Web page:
Even a moderate increase in exercise when you are in your fifties can help your heart health according to a study published today by researchers from University College London Epidemiology and Public Health uni.
The study shows inflammation in the body – which is thought to contribute to heart disease – remains lower in people in the transition to retirement who embrace an active lifestyle, with at least 2.5 hours a week of moderate physical activity (enough to raise your heart rate), than in those who stay less active. This is great news for retirees, who often celebrate their new-found freedom with a whole range of activities, from gardening to DIY to countryside walks.
In the study, over 4,000 people from the Whitehall II cohort were quizzed on their exercise routines and had levels of inflammation measured to gauge their heart health over a ten year period.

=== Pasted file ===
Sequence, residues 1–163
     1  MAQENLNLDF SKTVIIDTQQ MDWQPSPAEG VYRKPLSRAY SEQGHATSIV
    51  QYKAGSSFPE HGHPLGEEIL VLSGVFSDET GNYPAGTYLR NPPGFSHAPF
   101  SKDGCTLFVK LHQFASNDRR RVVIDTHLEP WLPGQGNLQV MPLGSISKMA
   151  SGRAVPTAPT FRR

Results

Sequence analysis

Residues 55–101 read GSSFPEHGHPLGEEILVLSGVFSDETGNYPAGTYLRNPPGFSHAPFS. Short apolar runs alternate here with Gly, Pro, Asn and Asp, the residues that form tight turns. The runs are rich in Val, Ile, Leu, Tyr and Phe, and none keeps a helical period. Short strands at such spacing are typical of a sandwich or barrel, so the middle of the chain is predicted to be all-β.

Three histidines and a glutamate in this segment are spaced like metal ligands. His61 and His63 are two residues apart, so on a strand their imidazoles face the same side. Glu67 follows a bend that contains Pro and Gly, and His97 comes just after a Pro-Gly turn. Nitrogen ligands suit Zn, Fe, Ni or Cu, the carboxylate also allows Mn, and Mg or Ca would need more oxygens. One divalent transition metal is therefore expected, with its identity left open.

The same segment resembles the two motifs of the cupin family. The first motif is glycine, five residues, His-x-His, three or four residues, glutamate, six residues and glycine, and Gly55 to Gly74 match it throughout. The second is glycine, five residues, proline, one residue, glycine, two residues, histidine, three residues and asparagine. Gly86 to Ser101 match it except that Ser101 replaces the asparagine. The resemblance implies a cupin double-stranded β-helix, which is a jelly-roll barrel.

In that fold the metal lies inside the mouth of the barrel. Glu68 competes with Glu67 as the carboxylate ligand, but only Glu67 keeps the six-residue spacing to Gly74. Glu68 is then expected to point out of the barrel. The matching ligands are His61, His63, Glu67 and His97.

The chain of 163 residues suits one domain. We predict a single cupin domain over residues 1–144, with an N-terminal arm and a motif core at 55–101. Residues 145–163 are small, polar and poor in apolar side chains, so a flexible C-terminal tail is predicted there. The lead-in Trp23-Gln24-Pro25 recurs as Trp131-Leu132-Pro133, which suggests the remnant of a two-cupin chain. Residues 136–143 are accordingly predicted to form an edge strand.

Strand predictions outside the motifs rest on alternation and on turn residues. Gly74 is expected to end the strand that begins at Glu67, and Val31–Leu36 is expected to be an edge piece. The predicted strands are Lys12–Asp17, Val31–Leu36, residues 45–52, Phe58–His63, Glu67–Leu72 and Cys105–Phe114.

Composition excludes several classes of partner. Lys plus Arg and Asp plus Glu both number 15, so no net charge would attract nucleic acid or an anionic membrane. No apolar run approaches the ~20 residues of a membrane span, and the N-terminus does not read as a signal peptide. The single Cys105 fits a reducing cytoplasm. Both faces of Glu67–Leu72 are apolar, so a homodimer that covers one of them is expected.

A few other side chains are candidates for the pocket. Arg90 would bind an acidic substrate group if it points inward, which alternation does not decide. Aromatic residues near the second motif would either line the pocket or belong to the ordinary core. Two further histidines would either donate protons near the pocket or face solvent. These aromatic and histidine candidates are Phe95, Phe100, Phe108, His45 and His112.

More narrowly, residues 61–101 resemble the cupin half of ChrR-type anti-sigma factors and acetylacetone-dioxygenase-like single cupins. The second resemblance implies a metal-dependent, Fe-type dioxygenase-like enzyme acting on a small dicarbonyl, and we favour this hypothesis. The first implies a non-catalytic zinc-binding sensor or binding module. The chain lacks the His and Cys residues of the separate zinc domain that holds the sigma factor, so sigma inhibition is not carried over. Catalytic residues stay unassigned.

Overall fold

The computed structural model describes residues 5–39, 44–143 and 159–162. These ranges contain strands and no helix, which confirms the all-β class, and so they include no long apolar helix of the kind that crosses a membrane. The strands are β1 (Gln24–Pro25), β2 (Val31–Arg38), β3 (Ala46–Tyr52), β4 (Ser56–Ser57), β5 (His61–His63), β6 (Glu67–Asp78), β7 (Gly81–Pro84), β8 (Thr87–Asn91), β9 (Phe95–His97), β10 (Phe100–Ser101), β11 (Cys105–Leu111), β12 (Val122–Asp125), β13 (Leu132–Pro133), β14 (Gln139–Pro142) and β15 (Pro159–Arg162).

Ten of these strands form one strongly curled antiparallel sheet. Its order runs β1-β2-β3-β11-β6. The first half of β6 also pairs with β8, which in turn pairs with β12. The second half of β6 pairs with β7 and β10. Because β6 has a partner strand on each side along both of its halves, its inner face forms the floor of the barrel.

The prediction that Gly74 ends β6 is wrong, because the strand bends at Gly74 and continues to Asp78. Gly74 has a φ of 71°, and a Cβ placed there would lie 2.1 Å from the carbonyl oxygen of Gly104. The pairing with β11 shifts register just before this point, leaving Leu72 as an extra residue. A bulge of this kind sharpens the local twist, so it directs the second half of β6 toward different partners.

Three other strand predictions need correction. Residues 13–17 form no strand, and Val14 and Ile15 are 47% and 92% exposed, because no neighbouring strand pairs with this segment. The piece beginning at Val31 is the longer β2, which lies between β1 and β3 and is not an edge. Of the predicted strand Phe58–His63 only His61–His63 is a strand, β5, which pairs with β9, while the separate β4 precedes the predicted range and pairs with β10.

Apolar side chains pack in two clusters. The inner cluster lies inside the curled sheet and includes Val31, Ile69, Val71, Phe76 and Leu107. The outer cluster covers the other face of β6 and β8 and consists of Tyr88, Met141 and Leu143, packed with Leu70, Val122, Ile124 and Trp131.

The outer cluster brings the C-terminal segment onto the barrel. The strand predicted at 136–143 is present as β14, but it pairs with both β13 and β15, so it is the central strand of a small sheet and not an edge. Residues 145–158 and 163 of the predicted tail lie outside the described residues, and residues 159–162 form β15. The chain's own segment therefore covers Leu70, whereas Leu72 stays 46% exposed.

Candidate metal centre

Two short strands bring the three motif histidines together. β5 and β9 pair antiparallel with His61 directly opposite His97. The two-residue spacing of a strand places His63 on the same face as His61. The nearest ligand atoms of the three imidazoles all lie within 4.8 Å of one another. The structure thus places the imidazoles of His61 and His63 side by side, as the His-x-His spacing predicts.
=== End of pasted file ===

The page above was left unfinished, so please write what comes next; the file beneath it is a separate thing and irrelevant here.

Says Dr Mark Hamer, UCL Epidemiology and Public Health, ''Previous studies looking at how exercise protects the heart have only been carried out for short periods of time. Our ten year study reveals for the first time the long-term effects of leading an active lifestyle on inflammation and heart disease.
''It's great news that people who spring into retirement and become more active are actually making a big difference in helping their hearts grow old healthily.''
British Heart Foundation senior cardiac nurse Maureen Talbot says, ''Donning your gardening gloves, or picking up a paint brush, can still go a long way to help look after your heart health, as exercise can have a big impact on how well your heart ages.